This post has been republished via RSS; it originally appeared at: Azure Compute Blog articles.
Microsoft Azure Compute is pleased to announce the introduction of new throttling policies for compute API requests. These throttling policies are designed to reduce the throttling experienced by customers on Azure Virtual Machine and Virtual Machine Scale Set API requests. The new throttling policies offer several benefits:
- They will replace the existing multiple throttling time windows by 1 minute. This will ensure faster retries, shorter lock out periods and a uniform measure of 1 minute for all throttling limits.
- No single resource can use up all the limits under a subscription as limits are defined at resource level in the new policies.
- Token Bucket Algorithm is getting introduced with new throttling policies. This will provide additional buffer to the customers, while making high number of API requests.
There are no changes required from the customer’s end to use the throttling new policies. To learn more about Azure compute throttling and how it works for Compute Resource Provider, please see Request limits and throttling - Azure Resource Manager | Microsoft Learn.
How will the new throttling policies work?
The new throttling policies implement a limit on the number of API requests that can be made per resource, as well as a maximum throttling limit for a subscription per minute per region. If the number of API requests exceeds the per-resource limit or the subscription limit per region, the requests will be throttled. Token Bucket Algorithm is used to determine these limits. Token bucket algorithm determines the number of API requests that can be made per minute by counting the number of tokens in the bucket at that time. Bucket is replenished with new tokens every minute by a fixed amount called Bucket Refill Rate for a resource and a subscription per region.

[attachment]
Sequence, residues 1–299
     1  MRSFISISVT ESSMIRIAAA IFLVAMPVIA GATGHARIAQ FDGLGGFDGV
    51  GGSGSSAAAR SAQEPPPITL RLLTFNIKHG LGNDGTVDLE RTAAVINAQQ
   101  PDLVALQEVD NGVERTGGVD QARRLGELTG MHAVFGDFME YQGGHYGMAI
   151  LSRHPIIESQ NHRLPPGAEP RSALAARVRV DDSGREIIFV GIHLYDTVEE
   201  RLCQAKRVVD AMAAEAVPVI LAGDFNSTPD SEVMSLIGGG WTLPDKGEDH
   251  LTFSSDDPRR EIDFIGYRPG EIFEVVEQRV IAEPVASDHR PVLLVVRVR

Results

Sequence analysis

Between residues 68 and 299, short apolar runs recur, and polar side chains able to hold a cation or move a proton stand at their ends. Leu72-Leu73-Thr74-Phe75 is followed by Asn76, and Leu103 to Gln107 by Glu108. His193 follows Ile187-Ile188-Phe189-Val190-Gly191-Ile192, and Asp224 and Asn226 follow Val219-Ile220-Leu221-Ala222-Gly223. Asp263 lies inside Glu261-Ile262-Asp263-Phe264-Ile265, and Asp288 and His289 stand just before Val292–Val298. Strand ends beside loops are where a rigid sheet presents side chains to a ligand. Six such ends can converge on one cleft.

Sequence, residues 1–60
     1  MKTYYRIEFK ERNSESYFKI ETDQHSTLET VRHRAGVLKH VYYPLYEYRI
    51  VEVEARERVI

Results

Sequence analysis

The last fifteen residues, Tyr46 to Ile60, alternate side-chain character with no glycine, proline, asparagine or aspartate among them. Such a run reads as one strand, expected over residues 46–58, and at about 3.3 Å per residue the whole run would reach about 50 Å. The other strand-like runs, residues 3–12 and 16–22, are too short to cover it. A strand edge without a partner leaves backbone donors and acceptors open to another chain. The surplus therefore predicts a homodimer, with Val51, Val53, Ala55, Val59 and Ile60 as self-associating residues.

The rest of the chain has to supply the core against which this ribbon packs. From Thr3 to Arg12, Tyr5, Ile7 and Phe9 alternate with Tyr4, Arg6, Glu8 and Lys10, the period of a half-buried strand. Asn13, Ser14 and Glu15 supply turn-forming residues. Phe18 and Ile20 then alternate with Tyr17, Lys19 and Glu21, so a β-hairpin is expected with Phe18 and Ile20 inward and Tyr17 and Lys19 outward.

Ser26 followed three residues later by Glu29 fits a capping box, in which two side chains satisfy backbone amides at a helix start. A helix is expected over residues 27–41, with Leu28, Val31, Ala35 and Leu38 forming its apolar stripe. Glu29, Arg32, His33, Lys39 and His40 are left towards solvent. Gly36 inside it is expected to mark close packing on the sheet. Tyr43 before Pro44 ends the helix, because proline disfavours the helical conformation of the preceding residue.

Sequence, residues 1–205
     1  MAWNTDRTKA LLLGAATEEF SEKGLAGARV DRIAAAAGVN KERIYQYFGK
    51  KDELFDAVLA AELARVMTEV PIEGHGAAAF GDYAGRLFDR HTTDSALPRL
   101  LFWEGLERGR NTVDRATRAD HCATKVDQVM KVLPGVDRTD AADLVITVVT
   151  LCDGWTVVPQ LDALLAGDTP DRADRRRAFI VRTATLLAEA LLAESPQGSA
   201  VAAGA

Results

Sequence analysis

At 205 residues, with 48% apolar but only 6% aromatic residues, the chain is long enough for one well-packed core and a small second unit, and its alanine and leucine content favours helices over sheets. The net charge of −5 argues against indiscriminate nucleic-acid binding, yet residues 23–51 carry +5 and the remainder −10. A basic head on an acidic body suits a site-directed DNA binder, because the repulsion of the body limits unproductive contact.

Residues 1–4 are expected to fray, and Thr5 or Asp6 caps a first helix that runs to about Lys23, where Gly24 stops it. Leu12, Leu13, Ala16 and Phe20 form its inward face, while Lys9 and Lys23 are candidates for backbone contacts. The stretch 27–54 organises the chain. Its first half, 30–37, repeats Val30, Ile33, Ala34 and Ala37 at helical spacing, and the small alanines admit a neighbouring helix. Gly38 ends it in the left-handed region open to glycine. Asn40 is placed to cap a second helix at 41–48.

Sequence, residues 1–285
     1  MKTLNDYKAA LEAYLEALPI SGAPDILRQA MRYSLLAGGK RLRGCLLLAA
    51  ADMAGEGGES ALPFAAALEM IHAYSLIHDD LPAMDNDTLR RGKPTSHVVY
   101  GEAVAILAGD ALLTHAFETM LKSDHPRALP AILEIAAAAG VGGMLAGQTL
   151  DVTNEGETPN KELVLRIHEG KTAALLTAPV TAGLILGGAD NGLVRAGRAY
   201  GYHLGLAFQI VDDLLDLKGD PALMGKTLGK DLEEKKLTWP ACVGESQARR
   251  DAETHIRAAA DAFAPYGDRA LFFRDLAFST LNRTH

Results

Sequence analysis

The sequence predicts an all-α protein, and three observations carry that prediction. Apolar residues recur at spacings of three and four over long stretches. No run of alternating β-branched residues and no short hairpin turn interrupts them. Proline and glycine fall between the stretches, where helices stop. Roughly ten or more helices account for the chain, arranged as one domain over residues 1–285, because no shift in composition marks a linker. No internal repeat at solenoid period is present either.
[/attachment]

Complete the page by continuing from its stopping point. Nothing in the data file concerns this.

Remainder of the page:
Let us assume that throttling policy for UpdateVM API defines the Bucket Refill Rate as 4 tokens per min, Maximum Bucket Capacity is 12 tokens, and a user makes the below UpdateVM API request pattern on a Virtual Machine. In this example, the bucket contains 12 tokens at the start of throttling window. As shown in the below table, at the 4th minute, the customer uses all the 12 tokens making the bucket empty. At the 5th minute, bucket is filled by 4 tokens as per Bucket Refill Rate. 4 API requests can be made at the 5th minute, while 1 API request ends up getting throttled.
Call rate informational response headers
The call rate informational headers provide information about the throttling policies that apply to an API request, including their limits. Multiple throttling policies can be applied on a single API request; hence the headers return a response containing a combined list of all applicable throttling policies. The introduction of new throttling policies does not affect the way call rate informational headers function, but the response will now contain updated throttling policy names. It is advised not to take dependency on throttling policy names as they are subject to change.
Rollout of new compute throttling policies
These changes will take effect over the next few months, starting August 2023. These changes will be rolled out region by region. Once the changes are complete in a region, the throttling policies for Virtual Machines and Virtual Machine Scale Sets will automatically change to new policies.
The new changes to compute throttling policies will provide a better customer experience on Azure Virtual Machine and Virtual Machine Scale Set resources. If you have any questions or concerns about this change, please reach out to our support team for assistance. You may refer Azure Support Request to raise an Azure support request.
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